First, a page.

Measure the distance between the outside edtes of the legs. It should be 32 inches, but you may have some variation. Cut the 1-by-6 crosspiece to match.

Before securing the 1 by 6 to the legs, you must add four 3-inch-long 3/4-inch dowels capped with the drawerl pulls. These dowels will be used to hold long computer cables and power cords so they don't dangle beneath the table. Center and space the dowels 13 inches apart, 1-1/2 inches in from top and bottom edges. Make sure the legs are vertical before screwing on the crosspiece to inside faces of legs, with dowels facing to the rear. Add the drawer pulls to dowel ends using short lengths of the 1/4-inch dowel.

Next, measure the distance between the inside faces of the legs--it should be 29 inches but might vary. Add 1/2 inch to this distance and cut the shelf width to match. Also rip the shelf to equal the depth of the legs (should be 21 inches).

Check that the shelf slides into the grooves in the legs, then complete the shelf by cutting a 1/4-inch-deep notch (see detail drawing) in the bottom-front corners of the 1-by-2 shelf trim. To prevent the shelf from sliding too far in, use #8 woodscrews to secure two small stop blocks of scrap 1 by 2 to the underside. The blocks should hit the crosspiece when the shelf is flush with the front (see photograph below). Chopping-block table

Less complicated to make than the other table, this one has two leg frames, a 1-by-8 crosspiece, and a ready-made (more expensive) top. It does offer some choice in design, though. You can make the table from 26 to 29 inches high by adjusting the length of its legs, and you can make an optional stand for a monitor, disk drives. or other computer gear.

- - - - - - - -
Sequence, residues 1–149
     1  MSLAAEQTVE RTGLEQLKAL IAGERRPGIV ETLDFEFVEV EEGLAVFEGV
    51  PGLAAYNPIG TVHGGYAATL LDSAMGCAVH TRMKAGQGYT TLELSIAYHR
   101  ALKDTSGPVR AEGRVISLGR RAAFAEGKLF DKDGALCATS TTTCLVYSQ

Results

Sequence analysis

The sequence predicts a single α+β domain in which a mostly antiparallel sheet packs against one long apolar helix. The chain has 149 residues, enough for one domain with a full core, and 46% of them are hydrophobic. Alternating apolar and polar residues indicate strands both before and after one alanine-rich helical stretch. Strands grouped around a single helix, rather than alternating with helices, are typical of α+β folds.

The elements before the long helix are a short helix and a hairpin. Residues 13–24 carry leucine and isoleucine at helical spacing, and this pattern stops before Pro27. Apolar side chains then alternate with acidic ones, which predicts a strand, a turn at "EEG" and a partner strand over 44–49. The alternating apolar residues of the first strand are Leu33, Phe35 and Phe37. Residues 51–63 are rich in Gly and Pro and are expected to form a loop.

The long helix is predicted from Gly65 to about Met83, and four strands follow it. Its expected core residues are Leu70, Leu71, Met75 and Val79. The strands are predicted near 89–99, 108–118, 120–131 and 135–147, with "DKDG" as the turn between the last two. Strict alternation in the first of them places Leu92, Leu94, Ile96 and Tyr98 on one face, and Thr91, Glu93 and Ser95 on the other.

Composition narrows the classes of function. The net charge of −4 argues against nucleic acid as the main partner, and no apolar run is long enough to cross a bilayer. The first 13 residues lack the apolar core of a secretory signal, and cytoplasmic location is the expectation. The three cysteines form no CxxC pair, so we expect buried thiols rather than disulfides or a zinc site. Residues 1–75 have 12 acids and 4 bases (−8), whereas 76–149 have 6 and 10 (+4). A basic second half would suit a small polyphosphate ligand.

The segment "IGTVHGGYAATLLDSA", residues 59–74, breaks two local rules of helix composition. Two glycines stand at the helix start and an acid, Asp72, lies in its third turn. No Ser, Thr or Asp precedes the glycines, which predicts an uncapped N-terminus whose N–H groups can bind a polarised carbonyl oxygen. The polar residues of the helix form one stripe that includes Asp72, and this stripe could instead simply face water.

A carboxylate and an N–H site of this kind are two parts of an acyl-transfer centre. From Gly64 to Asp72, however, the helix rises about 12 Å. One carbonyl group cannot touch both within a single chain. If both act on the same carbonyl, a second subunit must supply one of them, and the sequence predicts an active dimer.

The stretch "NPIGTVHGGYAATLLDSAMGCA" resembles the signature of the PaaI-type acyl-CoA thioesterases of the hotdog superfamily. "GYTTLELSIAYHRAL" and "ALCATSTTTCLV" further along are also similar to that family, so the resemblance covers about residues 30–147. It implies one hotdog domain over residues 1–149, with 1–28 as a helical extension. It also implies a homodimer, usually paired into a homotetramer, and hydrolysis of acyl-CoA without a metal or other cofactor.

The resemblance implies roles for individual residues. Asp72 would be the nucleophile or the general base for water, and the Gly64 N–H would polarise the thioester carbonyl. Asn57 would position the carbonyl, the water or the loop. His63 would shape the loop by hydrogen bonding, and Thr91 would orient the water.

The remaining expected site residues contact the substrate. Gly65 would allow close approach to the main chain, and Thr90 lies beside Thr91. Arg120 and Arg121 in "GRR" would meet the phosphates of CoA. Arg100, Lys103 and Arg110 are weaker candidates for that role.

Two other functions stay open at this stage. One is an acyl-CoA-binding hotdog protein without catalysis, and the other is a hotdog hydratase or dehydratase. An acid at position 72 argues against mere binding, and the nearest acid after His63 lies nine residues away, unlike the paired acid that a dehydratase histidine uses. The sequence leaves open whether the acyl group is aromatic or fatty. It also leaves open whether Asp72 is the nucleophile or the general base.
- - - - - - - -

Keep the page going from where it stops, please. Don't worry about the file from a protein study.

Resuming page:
To build the table base, you'll need a 4-foot fir 2 by 3; 6- and 8-foot 2 by 2's; a 4-foot 1 by 8; 6 inches of 1/4-inch dowel and a foot each of 3/8- and 3/4-inch dowel; four wooden drawer pulls sized to the 3/4-inch dowels; 16 2-inch #10 woodscrews; and six 1/4- by 2-1/2 inch lag screws. The top is a 4-foot-long counter-width (25-3/4 inches) chopping block; you can buy or order one at a lumberyard or specialty furniture store for about $100. The legs and crosspiece will cost about $20.

To include the optional monitor stand, you'll have to buy a 3- by 4-foot chopping block (about $150) instead of the smaller block, and rip a 10-inch-wide section off it; you'll also need another 6-foot 2 by 2 and 12 more #10 woodscrews.

You make the legs and crosspieces as described for the other table, but the top pieces of this table's legs are 2 by 3's instead of 2 by 4's. Space leg 35 inches apart, centered and square to the top, before attaching them to the underside with countersunk lag screws. Measure the distance from the outside edges of the legs (it should be 38 inches) and trim the crosspiece to fit. Drill the holes for the 3/4-ich dowels, glue them in place, and add drawer pulls, using short lengths of the 1/4-inch dowel. Screw on the crosspiece, making sure legs are vertical.

The length of the optional stand depends on what equipment you might want on the table. The one we built is 30 inches long, leaving room for a printer on the table. Because there is no crosspiece to resist sideways forces, we set the legs in 1/2-inch-deep grooves dadoed into the undersides of the top 1 inch in from each end. Secure in place with screws. Finishing the tables

After the basic assembly of the components is complete, finish-sand, rounding sharp edges, and seal the wood. We finished all the legs and the plywood top and shelf with mat-finish polyurethane. We gave two coats of penetrating oil sealer to the chopping-block surfaces.

Both tables are based on a line of computer furniture created by Williams and Foltz Design of Emeryville, California.
COPYRIGHT 1984 Sunset Publishing Corp.
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Copyright 1984 Gale, Cengage Learning. All rights reserved.

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Date:Feb 1, 1984